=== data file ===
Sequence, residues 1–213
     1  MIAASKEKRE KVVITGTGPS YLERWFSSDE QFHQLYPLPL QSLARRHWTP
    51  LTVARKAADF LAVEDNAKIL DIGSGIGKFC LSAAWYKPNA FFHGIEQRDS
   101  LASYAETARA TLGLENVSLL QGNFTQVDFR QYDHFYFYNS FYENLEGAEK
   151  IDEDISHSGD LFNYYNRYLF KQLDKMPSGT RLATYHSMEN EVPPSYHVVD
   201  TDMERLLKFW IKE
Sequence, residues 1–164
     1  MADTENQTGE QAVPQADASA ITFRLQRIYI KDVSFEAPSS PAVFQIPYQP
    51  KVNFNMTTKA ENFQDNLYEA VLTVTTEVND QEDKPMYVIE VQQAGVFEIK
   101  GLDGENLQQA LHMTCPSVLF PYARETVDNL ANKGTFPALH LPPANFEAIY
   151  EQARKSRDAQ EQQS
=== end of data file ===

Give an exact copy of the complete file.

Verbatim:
Sequence, residues 1–213
     1  MIAASKEKRE KVVITGTGPS YLERWFSSDE QFHQLYPLPL QSLARRHWTP
    51  LTVARKAADF LAVEDNAKIL DIGSGIGKFC LSAAWYKPNA FFHGIEQRDS
   101  LASYAETARA TLGLENVSLL QGNFTQVDFR QYDHFYFYNS FYENLEGAEK
   151  IDEDISHSGD LFNYYNRYLF KQLDKMPSGT RLATYHSMEN EVPPSYHVVD
   201  TDMERLLKFW IKE
Sequence, residues 1–164
     1  MADTENQTGE QAVPQADASA ITFRLQRIYI KDVSFEAPSS PAVFQIPYQP
    51  KVNFNMTTKA ENFQDNLYEA VLTVTTEVND QEDKPMYVIE VQQAGVFEIK
   101  GLDGENLQQA LHMTCPSVLF PYARETVDNL ANKGTFPALH LPPANFEAIY
   151  EQARKSRDAQ EQQS